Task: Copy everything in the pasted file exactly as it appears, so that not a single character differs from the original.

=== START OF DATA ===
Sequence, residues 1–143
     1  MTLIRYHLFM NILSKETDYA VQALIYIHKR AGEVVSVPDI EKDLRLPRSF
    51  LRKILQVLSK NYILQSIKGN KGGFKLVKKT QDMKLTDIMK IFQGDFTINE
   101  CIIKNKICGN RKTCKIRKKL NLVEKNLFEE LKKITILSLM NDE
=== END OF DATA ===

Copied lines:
Sequence, residues 1–143
     1  MTLIRYHLFM NILSKETDYA VQALIYIHKR AGEVVSVPDI EKDLRLPRSF
    51  LRKILQVLSK NYILQSIKGN KGGFKLVKKT QDMKLTDIMK IFQGDFTINE
   101  CIIKNKICGN RKTCKIRKKL NLVEKNLFEE LKKITILSLM NDE